Has the student become the master?
The rectangular interface is being incorporated into Tesla’s latest models to offer an unobstructed view of the instrument cluster, according to Musk, and hearkens the brand’s future autonomous driving capability. However, videos have shown it can be awkward to use in situations that involve turning it more than 180 degrees, as when negotiating tight turns and parallel parking.
Nevertheless, Musk said it passed his “acid test” of using it for two weeks, after which he didn’t want to go back to a circular wheel.
One Twitter follower asked, “would you say it’s true for most city and highway driving… But, wheel is sharper/better if you live/commute on twisty mountain roads?”
Musk’s answer was, “variable gain (steer by wire) yoke would be ideal …”
This design would eliminate the mechanical steering column and turn the yoke into more of a remote control for an electrically-powered steering rack, which would allow the steering ratio to be adjusted depending on the situation. As such, it could be programmed so that drivers never need to turn the yoke far enough to require them to remove their hands.
The thing is, this isn’t a new idea. In fact, you’ll soon be able to buy a car with this exact setup, just not from Tesla.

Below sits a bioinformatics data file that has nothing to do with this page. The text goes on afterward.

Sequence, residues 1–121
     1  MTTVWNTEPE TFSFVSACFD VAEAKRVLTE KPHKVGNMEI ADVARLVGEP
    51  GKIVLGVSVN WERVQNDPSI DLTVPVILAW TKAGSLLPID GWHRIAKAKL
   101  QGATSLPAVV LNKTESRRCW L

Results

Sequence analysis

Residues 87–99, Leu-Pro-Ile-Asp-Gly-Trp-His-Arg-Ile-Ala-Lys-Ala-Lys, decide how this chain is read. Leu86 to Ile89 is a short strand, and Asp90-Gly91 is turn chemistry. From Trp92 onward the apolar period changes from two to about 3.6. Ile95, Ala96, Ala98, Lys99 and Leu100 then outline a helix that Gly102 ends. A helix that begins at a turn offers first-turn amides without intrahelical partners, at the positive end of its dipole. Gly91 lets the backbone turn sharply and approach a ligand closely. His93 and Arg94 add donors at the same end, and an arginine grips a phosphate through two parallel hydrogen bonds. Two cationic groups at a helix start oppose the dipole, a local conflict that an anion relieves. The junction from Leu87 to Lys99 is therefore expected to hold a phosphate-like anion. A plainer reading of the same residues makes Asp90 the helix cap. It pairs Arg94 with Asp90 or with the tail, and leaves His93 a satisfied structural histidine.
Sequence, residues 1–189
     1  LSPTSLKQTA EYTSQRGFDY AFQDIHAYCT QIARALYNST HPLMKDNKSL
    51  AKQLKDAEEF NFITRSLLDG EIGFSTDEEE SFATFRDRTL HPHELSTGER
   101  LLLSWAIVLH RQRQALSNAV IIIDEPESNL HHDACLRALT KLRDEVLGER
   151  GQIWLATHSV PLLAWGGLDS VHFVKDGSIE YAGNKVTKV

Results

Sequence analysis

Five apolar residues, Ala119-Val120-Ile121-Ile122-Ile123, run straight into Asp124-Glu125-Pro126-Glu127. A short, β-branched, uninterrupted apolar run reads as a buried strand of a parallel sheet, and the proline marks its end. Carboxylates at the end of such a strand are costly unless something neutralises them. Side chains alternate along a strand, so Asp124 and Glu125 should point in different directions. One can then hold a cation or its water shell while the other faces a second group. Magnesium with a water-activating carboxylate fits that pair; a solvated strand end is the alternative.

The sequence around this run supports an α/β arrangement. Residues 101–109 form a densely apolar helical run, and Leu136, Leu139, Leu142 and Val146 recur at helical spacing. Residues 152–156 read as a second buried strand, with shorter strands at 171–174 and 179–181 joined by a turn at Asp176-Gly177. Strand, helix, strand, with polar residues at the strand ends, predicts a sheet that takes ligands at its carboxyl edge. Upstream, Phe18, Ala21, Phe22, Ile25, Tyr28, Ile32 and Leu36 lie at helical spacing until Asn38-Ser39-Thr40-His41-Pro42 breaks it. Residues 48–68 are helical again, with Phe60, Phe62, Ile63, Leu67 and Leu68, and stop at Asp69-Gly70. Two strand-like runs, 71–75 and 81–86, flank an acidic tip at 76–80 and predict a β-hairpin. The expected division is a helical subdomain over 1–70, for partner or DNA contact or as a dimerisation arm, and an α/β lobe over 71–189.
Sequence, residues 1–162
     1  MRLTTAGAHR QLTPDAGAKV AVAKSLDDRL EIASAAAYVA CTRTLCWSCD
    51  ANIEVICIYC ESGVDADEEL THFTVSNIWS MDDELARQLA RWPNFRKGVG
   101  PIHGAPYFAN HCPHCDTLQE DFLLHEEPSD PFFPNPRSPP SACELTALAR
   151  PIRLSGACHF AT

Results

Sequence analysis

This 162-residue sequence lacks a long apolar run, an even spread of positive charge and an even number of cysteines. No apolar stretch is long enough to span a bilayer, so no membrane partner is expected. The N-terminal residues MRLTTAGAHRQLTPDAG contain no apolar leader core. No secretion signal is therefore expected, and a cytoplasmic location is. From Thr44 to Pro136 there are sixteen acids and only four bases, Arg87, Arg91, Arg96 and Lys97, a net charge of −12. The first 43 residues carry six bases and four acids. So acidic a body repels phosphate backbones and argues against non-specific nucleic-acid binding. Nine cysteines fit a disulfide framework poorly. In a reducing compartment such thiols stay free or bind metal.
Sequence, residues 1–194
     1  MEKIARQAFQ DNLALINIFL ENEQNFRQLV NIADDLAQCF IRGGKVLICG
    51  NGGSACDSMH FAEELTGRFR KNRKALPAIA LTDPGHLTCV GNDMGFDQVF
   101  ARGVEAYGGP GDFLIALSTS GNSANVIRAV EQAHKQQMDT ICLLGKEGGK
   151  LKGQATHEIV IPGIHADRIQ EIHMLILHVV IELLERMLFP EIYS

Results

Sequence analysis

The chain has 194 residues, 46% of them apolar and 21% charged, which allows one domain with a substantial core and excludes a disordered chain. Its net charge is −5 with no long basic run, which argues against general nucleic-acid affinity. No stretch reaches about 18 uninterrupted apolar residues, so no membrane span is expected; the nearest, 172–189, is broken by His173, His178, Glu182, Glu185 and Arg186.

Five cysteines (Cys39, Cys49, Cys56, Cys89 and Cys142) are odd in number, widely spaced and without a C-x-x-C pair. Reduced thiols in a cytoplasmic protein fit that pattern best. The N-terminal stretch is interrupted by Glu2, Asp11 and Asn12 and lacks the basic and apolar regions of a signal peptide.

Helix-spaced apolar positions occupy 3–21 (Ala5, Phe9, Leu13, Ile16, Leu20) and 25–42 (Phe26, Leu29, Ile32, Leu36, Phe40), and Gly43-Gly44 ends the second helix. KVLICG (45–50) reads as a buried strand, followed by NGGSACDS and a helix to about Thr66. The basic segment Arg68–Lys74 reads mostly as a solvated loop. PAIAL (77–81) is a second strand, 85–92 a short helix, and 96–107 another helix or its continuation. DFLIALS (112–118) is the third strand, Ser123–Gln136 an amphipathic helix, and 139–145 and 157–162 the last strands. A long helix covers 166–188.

Toyota this year unveiled its new bZ4X electric SUV, which will be offered with either a traditional steering wheel or an optional yoke equipped with steer-by-wire that only needs to be turned a maximum of 150 degrees from side to side.
It hasn’t confirmed its availability in the U.S. version of the bZ4X, but will be available in Japan next year.
Musk said a yoke would definitely be used in the upcoming Cybertruck, which he said “is intentionally an insane technology bandwagon.”
In the meantime, Infiniti already sells several models in the U.S. with steer-by-wire and variable ratio steering, albeit with a round wheel and a backup mechanical steering column in case the electronic system fails.
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